The National Eczema Foundation estimates that 31 million Americans live with eczema, which can begin in infancy, appear for the first time in adulthood, or add extra angst to the teen years.
The team at Allergy A.R.T.S. in Amarillo, Texas, specializes in expert allergy, asthma, and arthritis care for individuals of all ages. Read their insight about eczema and how skin testing plays a role in treating this frustrating condition.
Eczema, also known as dermatitis, refers to a group of skin conditions characterized by inflammation, itching, redness, and sometimes blistering or peeling. The most common types of eczema include:
This is the most common form of eczema and often starts in childhood. It's believed to be caused by a combination of genetic and environmental factors. Symptoms include dry, itchy skin and rashes on the face, inside the elbows, behind the knees, and on the hands and feet. AD is frequently associated with other allergic conditions like asthma and hay fever.
Contact dermatitis is divided into two types: allergic contact dermatitis and irritant contact dermatitis. Allergic contact dermatitis results from exposure to an allergen, such as nickel or poison ivy. Irritant contact dermatitis is caused by exposure to harsh chemicals or materials like burlap or wool. Both types present with red, itchy, and sometimes painful skin.
This form of eczema causes small, intensely itchy blisters on the palms of the hands and soles of the feet. Factors like stress, allergies, moist hands and feet, or exposure to certain substances can trigger the rash.
Nummular eczema causes coin-shaped lesions on the skin that are often itchy and may be wet or dry. Unlike other forms of eczema, this type can start after a skin injury, such as an insect bite or burn.
This type of eczema typically affects the face, scalp, armpits, and other areas that contain oil-producing (sebaceous) glands. It’s commonly called cradle cap in infants and appears as areas of white to yellowish, scaly, or oily skin.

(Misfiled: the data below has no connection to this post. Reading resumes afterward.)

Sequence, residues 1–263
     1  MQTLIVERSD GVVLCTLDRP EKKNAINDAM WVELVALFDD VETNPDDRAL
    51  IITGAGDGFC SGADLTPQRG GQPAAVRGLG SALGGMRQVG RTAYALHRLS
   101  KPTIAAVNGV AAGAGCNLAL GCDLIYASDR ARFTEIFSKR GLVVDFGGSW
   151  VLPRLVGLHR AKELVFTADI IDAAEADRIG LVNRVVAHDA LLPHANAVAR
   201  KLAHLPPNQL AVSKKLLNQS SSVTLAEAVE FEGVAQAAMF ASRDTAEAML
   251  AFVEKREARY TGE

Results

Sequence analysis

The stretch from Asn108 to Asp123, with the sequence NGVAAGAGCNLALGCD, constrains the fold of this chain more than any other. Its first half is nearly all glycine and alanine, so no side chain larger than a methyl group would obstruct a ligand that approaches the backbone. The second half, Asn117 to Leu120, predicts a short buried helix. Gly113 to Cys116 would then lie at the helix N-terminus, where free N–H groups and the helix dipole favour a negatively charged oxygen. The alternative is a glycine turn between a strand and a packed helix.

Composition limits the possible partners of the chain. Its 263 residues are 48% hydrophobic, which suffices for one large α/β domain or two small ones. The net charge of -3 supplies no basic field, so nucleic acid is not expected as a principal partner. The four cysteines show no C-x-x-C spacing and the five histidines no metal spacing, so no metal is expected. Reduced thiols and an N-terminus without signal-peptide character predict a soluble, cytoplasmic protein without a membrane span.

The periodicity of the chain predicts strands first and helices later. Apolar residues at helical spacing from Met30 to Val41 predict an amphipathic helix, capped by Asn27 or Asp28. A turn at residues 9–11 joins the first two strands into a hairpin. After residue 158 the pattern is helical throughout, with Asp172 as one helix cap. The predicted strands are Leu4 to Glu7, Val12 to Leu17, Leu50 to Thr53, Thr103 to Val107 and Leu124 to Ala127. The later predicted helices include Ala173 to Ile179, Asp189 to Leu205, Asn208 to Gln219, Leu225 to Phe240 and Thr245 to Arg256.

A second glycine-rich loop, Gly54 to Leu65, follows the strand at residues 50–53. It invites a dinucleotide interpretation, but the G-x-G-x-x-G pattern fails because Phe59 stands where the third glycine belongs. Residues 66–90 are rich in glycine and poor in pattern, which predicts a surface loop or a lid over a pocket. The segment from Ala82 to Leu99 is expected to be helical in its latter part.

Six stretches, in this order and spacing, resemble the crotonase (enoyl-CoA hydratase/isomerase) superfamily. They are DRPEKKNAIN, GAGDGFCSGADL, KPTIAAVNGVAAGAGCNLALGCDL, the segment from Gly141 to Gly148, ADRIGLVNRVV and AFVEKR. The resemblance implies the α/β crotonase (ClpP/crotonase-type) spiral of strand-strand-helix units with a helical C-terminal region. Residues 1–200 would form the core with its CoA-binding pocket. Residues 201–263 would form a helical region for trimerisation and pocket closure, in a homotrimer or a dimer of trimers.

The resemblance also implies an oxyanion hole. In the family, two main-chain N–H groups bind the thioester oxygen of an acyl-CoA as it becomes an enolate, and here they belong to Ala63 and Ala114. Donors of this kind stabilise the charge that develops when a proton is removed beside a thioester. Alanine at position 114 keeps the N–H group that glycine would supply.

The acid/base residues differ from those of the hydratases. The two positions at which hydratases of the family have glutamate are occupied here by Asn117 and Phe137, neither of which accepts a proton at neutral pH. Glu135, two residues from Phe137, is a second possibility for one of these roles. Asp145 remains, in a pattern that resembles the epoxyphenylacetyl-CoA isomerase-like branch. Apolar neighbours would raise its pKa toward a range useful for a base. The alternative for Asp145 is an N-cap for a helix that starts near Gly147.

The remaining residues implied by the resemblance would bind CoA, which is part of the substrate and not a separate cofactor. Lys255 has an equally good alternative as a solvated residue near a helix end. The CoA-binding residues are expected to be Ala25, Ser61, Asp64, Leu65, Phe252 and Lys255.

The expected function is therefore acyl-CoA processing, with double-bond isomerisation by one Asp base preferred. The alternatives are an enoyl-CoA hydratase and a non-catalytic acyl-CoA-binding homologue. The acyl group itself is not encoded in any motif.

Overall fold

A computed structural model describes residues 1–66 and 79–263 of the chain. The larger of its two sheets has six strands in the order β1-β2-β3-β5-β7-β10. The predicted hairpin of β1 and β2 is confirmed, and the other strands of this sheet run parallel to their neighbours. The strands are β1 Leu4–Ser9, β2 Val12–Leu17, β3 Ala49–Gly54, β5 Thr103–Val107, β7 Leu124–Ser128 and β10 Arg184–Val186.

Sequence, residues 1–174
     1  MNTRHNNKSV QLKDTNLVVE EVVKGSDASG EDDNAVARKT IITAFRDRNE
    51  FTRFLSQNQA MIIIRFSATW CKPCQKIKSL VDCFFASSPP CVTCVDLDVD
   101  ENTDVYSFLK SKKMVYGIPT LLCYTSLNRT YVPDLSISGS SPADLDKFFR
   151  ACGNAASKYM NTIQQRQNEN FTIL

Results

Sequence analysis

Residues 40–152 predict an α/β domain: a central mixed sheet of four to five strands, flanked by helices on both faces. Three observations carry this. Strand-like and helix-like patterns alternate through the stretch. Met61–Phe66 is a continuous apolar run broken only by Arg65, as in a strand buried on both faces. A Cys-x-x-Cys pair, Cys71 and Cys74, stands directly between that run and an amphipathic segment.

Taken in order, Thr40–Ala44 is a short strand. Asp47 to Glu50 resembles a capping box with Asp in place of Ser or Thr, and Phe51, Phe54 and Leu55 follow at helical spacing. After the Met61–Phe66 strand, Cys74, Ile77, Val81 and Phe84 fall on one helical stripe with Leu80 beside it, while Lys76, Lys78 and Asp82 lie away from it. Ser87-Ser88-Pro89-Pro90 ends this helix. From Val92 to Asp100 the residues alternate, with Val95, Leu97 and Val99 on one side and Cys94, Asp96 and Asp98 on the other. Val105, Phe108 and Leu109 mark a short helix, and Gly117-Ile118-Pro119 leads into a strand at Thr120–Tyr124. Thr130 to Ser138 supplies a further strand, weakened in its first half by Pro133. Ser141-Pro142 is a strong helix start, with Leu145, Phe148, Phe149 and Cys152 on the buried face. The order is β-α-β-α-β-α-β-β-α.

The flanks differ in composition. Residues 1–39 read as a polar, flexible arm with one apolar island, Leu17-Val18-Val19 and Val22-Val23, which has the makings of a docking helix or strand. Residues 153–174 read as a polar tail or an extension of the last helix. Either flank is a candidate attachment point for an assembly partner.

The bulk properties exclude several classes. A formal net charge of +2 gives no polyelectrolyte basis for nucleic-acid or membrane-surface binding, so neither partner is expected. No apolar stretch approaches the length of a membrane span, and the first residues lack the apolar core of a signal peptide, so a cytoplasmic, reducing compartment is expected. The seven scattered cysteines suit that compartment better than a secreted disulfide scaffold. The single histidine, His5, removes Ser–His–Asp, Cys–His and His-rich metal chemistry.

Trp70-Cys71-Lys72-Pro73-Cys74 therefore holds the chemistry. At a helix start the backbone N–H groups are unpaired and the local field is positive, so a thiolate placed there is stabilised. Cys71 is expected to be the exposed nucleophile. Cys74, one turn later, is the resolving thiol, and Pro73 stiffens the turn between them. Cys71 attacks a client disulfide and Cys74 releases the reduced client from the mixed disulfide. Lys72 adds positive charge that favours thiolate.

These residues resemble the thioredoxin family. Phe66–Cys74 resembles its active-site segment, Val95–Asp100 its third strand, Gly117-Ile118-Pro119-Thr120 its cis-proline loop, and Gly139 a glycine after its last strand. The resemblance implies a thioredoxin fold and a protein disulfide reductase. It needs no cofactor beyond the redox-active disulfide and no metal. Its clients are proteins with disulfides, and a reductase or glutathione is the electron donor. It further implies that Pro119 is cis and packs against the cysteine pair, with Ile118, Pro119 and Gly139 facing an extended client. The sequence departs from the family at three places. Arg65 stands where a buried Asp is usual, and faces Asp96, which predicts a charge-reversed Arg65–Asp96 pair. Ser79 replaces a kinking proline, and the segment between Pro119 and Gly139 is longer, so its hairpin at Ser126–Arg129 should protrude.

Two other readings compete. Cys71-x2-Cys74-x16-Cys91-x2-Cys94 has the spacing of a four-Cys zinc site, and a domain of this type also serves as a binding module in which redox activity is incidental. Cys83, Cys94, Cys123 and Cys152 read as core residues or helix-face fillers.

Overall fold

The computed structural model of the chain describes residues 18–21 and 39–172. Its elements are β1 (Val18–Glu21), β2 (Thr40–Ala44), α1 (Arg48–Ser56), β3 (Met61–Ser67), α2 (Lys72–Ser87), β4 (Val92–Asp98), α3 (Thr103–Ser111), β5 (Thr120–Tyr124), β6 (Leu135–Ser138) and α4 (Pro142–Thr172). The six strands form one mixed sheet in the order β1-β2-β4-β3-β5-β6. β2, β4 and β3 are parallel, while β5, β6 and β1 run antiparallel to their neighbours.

Eczema has several potential causes depending on the type. For instance, atopic dermatitis is often due to an overactive immune system, causing dry and itchy skin that can lead to rash and inflammation associated with eczema. Genetics may also play a role.
Certain substances (allergens) can trigger an immune response, including perfumes, cleaning chemicals, or polyester, resulting in an eczematous rash. Other triggers include contact with metals like nickel in jewelry, prolonged exposure to extreme heat or cold, and dust mites. Increased stress is also a common cause of an eczema outbreak.
Skin testing can help if you have persistent skin issues that don't respond to standard treatment, eczema flares without an obvious reason, or suspect allergies.
Testing for eczema usually refers to patch testing. During patch testing, your Allergy A.R.T.S. provider applies small amounts of potential allergens to patches placed on the skin, usually on the upper back, which remain in place for 24-48 hours. You’ll then return for a recheck to determine if you’ve had a reaction to any of the patches.
Identifying your allergens can help with your customized treatment plan, which may include oral and topical medications, immunotherapy, medical-grade skin moisturizers, and avoiding your eczema triggers.
Schedule an evaluation at Allergy A.R.T.S. today by calling the office or requesting an appointment online.